Chapter 1: Introduction Edit
Chris Baldick opens his study with the idea that a story like Frankenstein should not have become the modern myth that it has become by tracing its evolution from a ghost story written in the early eighteen hundreds to a story that has been adapted, in many ways, into a myth. Mary Shelley was able to do this, according to Baldick, because she created a story that could be changed and adapted to new meanings but still carry the core storyline. Victor creates an atrocity with beautiful parts; the parts do not make the whole beautiful. Baldick also mentions the fact that myths can come to a "closed" idea. Baldick's idea of closure for this myth comes in the form of the 1931 adaptation of the myth into the bolt-necked, square-headed monster that is now synonymous with the myth. Baldick proposes that the reason the myth is so popular is because the monster, a version of technology, only magnifies the qualities of the creator. In Victor's case, he produces life outside of the natural way and, according to Baldick, made something that reflects himself.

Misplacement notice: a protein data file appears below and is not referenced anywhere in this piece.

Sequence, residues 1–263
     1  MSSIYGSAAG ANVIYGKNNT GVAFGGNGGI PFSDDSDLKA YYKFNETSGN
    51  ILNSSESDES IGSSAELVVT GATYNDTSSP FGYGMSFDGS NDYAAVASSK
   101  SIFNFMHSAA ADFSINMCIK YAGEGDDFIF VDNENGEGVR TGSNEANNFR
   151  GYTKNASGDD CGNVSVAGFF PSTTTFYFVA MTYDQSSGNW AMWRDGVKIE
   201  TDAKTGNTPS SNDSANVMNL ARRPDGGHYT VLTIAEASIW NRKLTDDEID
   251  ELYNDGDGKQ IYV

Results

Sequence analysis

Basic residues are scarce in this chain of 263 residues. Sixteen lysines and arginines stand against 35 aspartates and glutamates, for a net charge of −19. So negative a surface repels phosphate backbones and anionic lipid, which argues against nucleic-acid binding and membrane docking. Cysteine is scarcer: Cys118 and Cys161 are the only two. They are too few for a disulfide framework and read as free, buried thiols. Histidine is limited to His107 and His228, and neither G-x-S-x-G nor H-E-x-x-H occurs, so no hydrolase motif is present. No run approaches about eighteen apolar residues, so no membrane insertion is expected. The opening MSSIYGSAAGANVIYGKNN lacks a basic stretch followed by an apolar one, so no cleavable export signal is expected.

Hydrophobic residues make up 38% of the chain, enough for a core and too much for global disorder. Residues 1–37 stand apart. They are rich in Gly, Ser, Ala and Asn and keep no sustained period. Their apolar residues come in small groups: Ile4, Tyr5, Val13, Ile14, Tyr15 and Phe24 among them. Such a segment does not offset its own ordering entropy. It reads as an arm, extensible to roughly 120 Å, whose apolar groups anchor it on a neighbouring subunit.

Chapter 2: The Politics of Monstrosity Edit
In this chapter, Baldick dives into the definition, origin, and connotation of the word "monstrosity/monster". He argues that monstrosity has not always had the same frame of reference that it does now in modern culture, and it was very important that Shelley chose such a word. According to him, one of the first important uses of the word was in reference to inmates in insane asylums. Monstrosity was said in reference to something that should be shown or put on display to show the results of "vice, folly, and unreason." Without explaining too much of Baldick's work, he presents a great insight into the choice of words for Shelley. Later in the same chapter, Baldick relates the events of the French Revolution to that of the monster. The government of the time was a "monster" in the eyes of Mary Shelley and her circle of friends and family. The influence of Godwin and Wollstonecraft are also presented in fair depth here. The frame of reference that the connotation of "monster" presents a new direction for thought when reading or studying Frankenstein.